The problem of indirect employees, then, suggests the overlapping dimensions of the problem posed by any effort to formally regulate the behavior of economic entities across borders through law: the disjunction between moral obligations across borders in the construction of economic relationships across such borders, the multiple sources of values informing regulatory policy even within states, and the difficulties of transposing moral obligation into a substantive law of corporate social responsibility that effectively reaches across borders. Yet, despite these limits, it may be possible to construct a plausible system of mandatory regulation at the international level that adds value to economic activity without threatening the contemporary system of market based globalization. The foundation of that regulatory system is tied to monitoring, disclosure and reporting. These serve as both the application of an enforcement mechanics common to the private law of contract, and as the essence of modern soft regulation through the disciplines of informed choice. (21) From out of the means by which moral obligations are enforced among private parties may come a framework for creating a plausible hard law at the international level. This framework would provide incentives (either positive or negative) for international business to consider "public" goals without actually mandating those goals in any specific form--the market would make that determination. These incentives can be provided through law, but in a way that retains a strong sensitivity to the current market bias of globalization--and to the privileging of private arrangements among stakeholders principally involved in economic transactions.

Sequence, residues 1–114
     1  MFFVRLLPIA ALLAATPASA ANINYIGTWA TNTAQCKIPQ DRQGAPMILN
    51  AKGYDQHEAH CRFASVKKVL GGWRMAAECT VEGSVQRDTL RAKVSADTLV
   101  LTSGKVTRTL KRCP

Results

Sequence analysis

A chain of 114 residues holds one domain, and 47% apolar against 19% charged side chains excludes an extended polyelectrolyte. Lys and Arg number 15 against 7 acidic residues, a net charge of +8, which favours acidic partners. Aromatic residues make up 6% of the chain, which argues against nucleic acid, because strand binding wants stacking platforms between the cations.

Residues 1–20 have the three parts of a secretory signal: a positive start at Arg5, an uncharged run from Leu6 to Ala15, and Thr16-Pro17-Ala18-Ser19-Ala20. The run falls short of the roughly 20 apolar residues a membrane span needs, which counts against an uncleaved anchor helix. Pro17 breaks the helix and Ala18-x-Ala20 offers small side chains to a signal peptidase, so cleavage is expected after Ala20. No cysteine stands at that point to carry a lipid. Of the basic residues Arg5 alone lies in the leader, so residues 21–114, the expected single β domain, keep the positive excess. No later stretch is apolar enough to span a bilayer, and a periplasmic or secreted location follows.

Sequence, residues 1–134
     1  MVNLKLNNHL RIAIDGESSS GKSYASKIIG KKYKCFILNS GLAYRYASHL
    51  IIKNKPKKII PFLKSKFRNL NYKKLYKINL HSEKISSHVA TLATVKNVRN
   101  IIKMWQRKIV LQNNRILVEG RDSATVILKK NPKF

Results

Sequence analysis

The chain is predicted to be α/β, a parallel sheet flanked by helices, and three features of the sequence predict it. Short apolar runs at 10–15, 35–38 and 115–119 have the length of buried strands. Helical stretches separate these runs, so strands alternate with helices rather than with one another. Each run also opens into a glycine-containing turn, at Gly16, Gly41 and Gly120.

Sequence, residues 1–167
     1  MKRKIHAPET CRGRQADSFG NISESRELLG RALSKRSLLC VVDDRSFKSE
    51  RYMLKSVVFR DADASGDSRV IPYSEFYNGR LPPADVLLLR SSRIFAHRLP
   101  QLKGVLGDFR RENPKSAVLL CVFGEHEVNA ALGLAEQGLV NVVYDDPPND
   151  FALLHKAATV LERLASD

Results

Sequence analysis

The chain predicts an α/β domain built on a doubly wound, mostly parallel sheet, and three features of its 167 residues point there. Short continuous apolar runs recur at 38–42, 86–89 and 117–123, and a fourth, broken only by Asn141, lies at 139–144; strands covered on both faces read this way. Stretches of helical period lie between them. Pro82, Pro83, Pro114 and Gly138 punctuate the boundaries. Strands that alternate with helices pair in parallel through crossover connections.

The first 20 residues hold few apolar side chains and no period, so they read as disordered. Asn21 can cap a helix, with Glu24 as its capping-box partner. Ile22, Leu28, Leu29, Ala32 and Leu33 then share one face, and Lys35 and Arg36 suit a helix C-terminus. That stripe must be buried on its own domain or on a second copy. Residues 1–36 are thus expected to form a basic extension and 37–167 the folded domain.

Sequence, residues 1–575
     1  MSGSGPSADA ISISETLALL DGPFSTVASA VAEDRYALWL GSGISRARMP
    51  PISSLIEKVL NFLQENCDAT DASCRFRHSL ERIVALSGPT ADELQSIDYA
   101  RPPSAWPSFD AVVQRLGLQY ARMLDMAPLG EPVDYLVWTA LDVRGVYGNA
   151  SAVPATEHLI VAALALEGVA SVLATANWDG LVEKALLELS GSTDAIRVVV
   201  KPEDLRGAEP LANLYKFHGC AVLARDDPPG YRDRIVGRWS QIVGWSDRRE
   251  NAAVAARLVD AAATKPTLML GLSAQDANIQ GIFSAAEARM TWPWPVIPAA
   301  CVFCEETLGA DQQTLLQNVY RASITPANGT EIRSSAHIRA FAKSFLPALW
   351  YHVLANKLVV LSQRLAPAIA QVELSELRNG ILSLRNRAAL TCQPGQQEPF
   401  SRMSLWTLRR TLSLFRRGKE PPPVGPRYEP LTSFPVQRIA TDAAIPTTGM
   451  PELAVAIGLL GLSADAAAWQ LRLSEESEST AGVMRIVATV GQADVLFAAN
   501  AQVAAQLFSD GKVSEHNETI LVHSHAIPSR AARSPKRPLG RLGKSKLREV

For this purpose of providing incentives through law while retaining sensitivity to market bias, this essay posits a global system of monitoring and disclosure and transparency, of monitoring and surveillance. The object of these disclosure mandates would not be to establish a definitive set of behaviors, but rather to establish a framework within which corporate stakeholders--consumers, investors, labor, and others--could adjust their relationships on the basis of the behavior disclosed. In a sense, then, monitoring regimes can serve as a framework for incorporating moral obligations within a legal structure of relationships between economic actors, without hardwiring any particular set of ethical standards in law. It avoids both the problem of state intervention in corporate regulation and the difficulties of direct shareholder intervention in corporate activity. (22) Instead, market actors would help determine the taste for certain behaviors by doing what they ordinarily do--buy and sell shares, products, and engage in commercial transactions. For those in search of avenues for the implementation of corporate social responsibility at a transnational level, international agreements for transparency, disclosure and information dissemination might be more effective as a means of hardwiring ethical obligations in the relationships between economic enterprises, than commanding obedience to any set of such obligations.
The essay then suggests that this sort of mandatory regulatory regime is plausible as international "hard" law for five reasons. First, a mandatory global monitoring system is plausible because it only requires of economic enterprises actions (the gathering and dissemination of information) that have been well internalized by the great majority of these entities. Economic entities harvest, use and report information all the time--for example to...
From moral obligation to international law: disclosure systems, markets and the regulation of multinational corporations.
|Author:||Backer, Larry Cata|
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COPYRIGHT GALE, Cengage Learning. All rights reserved.